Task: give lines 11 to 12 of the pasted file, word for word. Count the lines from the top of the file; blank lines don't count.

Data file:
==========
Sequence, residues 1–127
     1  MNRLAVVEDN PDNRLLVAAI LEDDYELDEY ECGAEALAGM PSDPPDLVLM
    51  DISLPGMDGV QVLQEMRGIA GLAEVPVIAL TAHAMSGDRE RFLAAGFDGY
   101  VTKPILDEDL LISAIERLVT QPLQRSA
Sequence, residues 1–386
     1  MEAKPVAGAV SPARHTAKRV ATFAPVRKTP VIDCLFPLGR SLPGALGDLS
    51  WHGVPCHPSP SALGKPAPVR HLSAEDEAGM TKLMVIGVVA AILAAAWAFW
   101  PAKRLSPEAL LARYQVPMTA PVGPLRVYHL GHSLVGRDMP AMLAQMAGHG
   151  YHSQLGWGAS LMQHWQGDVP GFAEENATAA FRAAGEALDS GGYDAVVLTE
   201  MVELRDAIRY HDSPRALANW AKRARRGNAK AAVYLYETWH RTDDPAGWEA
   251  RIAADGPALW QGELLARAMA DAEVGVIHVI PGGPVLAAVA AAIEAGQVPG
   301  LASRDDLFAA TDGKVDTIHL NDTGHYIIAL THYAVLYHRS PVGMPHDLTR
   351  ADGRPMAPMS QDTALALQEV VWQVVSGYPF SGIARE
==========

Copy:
   251  RIAADGPALW QGELLARAMA DAEVGVIHVI PGGPVLAAVA AAIEAGQVPG
   301  LASRDDLFAA TDGKVDTIHL NDTGHYIIAL THYAVLYHRS PVGMPHDLTR